Nerf Zombie Strike Hammershot Blaster

Pillow Pets Paw Patrol Skye Stuffed Animal Plush Toy

I started making out a Christmas list of toy gifts for children while gritting my teeth. Come on, I said to myself, open up Amazon (not a great fan), open up the Toys section, and plunge into lists of a million toys I never heard of, in the most excruciating detail:

Lego Brickheadz Star Wars the Mandalorian (what is a Mandalorian?)

Hot Focus Unicorn Nail Stickers Glow in the Dark Nail Polish (Wait, how old is this kid? Evelyn is 7? I don’t think I even noticed nail polish till I was 12)

Lego Disney Frozen 2 Elsa’s Wagon Carriage Adventure Building Kit with Elsa and Sven Toy Figures 116 Pieces.

Can you buy it if you can’t even say it, I wonder?

Some weeks ago Jimena and I agreed to put together a list of toys for Christmas, one toy per child, in the $15-$20 range. I would post it and ask readers to buy a toy or two for the kids. Jimena, bless her heart, put together an attractive handout in Spanish, which we gave out when we distributed food cards, asking for the children’s names, ages, and what precisely they wanted. Often, she would review each page verbally with the parents. I asked her why she did that, given that the handout was in Spanish, not English.

“Because so many are illiterate,” she told me.

“They’re illiterate in Spanish?”

“Eve, they’re lucky if they went to first grade before being sent to work,” she explained.

“About how many are illiterate?” I asked her.

She squinted her eyes in thought. “Maybe 40%, maybe more.”

A week later the answers come in (see above) and I sit down to compile an Amazon Wish List. This won’t take long, I think, I’m an old hand at this after making up the school supplies list last fall. Besides, I add stupidly to myself, they’re poor kids, they don’t know much about toys. Ha!

I couldn’t believe my eyes. I know the kids have had trouble with remote learning and do lots of make-up classwork in English reading and writing (Jimena does this with them outside in the park in summer mornings), but THEY KNEW EXACTLY WHAT THEY WANTED. Not only that, they could copy the exact title with all the details, sometimes even the model number!

“Kids are kids everywhere,” I tell Aussie as I peer through the Amazon website, searching for arcana in the Toy Universe like Pokemon TCG Cards: Legends of Galar Summer Tin Featuring Zacian and Force 1 Techno Race RC Car. “I’m getting a headache.  I also can’t find Peppa Pig.”

She yawns from the futon behind me. “Peppa Pig shouldn’t be hard.”

“It has to be a plushie.”

“What’s a plushie?”

“Or Jinx Minecraft 11.5” Snow Golem Plush. Isn’t the Golem supposed to be Jewish? The Jewish Golem was certainly no plushie.“ I turn to face her. ”If that’s not bad enough, you know what else girls want, Auss? They want slime.”

“I love slime!”

“That’s because you’re a dog. When I grew up we were told to avoid slime at all costs, but look at this: Original Stationery Unicorn Slime Kit Supplies Stuff for Girls Making Slime.

“At least I bring my slime in from outdoors.”

After a while I started to relax. After an even longer while, I started to smile. Soon, I was positively luxuriating in the list, like in a bubble bath.

Before that a friend and I were comparing notes on how we hardly got any gifts when we were children: “You know what we got when we were kids for Christmas?” she told me. “There was a hole in one corner of the room where the wall met the ceiling, and our parents would tell us that Jesus came through that hole and put presents in our stockings. And you know what those presents were, year after year? Underwear and socks. And maybe a doll the size of a pencil .”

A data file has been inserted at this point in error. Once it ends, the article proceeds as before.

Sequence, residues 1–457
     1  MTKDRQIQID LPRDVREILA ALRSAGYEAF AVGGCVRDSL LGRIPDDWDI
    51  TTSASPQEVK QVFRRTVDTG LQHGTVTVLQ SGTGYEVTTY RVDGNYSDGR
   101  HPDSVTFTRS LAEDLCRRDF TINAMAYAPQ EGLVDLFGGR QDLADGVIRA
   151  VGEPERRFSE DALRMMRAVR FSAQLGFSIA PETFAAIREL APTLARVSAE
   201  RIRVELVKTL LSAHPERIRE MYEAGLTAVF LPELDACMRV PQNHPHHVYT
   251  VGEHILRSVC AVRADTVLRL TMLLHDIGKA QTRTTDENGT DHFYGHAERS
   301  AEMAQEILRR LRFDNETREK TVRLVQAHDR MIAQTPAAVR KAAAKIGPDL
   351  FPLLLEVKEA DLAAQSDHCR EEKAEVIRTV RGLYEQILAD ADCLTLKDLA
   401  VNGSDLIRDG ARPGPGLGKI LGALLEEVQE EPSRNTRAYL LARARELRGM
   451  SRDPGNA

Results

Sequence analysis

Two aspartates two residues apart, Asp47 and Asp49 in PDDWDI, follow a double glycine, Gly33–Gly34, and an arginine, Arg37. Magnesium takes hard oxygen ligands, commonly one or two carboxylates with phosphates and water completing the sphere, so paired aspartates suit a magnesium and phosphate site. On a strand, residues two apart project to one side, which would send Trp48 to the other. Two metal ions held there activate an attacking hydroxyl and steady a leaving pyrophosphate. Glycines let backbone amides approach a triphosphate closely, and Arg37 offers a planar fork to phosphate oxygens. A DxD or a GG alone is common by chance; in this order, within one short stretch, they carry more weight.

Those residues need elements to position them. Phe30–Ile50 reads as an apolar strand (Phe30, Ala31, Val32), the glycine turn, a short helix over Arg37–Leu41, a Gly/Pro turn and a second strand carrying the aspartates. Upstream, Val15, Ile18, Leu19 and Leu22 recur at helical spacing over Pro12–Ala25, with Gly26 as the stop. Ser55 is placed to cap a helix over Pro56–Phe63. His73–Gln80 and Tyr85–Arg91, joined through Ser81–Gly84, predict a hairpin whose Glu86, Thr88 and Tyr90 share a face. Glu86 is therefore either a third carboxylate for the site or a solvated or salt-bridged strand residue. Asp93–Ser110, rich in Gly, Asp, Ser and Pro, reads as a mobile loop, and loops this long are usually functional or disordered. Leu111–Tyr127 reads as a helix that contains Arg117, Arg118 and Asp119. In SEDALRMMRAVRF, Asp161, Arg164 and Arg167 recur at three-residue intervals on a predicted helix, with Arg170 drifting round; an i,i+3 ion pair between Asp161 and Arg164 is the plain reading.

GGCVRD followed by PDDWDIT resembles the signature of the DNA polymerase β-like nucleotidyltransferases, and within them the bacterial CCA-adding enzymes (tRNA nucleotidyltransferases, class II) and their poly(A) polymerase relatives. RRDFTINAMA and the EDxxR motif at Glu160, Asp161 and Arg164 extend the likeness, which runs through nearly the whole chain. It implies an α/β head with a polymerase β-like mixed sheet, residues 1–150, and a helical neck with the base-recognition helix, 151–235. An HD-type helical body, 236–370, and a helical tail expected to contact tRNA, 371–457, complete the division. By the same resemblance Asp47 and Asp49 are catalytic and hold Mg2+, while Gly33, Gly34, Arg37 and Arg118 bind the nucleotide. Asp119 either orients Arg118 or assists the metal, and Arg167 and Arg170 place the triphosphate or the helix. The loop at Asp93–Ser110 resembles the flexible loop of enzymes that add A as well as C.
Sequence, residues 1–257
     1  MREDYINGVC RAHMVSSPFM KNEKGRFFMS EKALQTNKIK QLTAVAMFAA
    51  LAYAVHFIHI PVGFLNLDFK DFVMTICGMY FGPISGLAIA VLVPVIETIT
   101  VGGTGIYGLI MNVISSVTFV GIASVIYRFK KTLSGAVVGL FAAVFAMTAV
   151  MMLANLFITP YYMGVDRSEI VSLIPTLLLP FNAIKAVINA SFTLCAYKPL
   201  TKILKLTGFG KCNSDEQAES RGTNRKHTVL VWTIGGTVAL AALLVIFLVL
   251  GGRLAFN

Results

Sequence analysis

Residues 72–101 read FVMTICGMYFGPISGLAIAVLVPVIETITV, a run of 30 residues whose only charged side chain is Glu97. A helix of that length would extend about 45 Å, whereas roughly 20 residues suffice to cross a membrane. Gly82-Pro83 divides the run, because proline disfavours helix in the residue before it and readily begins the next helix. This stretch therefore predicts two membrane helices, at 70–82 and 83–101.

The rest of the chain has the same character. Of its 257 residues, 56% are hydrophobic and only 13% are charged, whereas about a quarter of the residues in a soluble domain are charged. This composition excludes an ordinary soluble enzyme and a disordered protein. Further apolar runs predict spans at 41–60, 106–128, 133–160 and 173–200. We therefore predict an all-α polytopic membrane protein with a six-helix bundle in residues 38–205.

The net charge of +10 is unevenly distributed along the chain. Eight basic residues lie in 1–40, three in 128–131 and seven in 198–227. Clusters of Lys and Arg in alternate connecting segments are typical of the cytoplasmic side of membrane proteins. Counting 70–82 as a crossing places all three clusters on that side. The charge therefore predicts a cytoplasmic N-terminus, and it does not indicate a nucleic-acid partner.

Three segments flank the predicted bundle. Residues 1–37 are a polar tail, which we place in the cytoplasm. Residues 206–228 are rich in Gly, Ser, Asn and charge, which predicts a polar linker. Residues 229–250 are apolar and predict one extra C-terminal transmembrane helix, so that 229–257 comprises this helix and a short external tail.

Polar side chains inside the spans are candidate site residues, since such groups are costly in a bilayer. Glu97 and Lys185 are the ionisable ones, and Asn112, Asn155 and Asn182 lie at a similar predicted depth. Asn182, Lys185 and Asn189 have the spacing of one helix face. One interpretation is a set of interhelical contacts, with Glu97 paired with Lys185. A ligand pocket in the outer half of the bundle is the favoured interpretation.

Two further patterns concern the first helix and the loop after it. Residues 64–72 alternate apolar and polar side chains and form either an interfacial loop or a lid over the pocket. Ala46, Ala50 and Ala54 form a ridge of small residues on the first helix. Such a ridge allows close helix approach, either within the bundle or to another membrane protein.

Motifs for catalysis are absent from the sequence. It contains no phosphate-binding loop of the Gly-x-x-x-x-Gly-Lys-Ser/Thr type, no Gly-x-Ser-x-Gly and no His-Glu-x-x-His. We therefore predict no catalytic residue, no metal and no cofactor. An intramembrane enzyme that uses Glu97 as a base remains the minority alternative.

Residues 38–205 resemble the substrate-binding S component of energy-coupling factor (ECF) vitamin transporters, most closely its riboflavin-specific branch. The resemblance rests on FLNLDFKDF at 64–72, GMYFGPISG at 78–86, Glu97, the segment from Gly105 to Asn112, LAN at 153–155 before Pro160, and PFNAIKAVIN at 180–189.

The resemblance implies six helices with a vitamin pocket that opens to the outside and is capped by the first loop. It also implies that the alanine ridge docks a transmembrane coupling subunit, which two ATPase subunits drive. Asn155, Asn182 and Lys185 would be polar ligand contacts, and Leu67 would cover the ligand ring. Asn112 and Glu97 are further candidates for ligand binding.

My family didn’t celebrate Christmas, but if we had that’s probably what we’d have gotten, too, and been told to be happy with it. So in the beginning there was that familiar, old, stingy voice inside: I didn’t get any of this when I was a child!

But as I went through Glowcity LED Star Soccer Ball Size 5 Glow In the Dark and Nerf Rival Finisher XX-700 Blaster (Quick-Load Magazine, Spring Action, Includes 7 Official Rival Rounds!), my heart warmed up.

“You know, Aussie, it’s almost as if I’m the one getting all these things finally. I didn’t get many gifts as a child, and now look!”

“You really want Paw Patrol Jet to the Rescue Skye Delux Transforming Vehicle with Lights and Sounds at the age of 71?”

“Well, I’ve been into transforming vehicles for a long time, Auss.”

I finished a list of some 63 gifts on Amazon and another 8 in Walmart; the Walmart ones are being bought by the children’s teachers; the 63 I’m entrusting to the universe, to you.

“The kids might get something from charity organizations for Christmas,” another friend who’s worked in social agencies told me, “but they’re give-aways, you know? They’re not what they really want.”

I started researching and inputting this list feeling blue, and ended up with so much joy in my heart I was practically singing. I was reliving my childhood, only this time not just with underwear but with Kinetic Sand, Lego Marvel Spiderman vs. Doc-Ock (what kind of a name is that for a superhero’s arch-enemy?), and the one I loved most, Disney Frozen Musical Adventure Anna Sinning (Amazon finally informed me it was Singing).

If Bernie was alive he’d say that maybe, just maybe I’m letting go of my mind of impoverishment.

You can find the Amazon wish list here.

Please consider buying one or more of these toys for the kids. They average in the range of $15-$20, some are less and some are more but none more than $24.99. The kids range in age from 6 months to 17 years, children of families we’ve fed since April. Each wrote what s/he wanted, above (except for the 6-month old), giving two choices. This year they’ll get one thing they really want–and they spelled it, right? The link to the Amazon Wish List for Christmas is here.

Thank you for your kindness and generosity.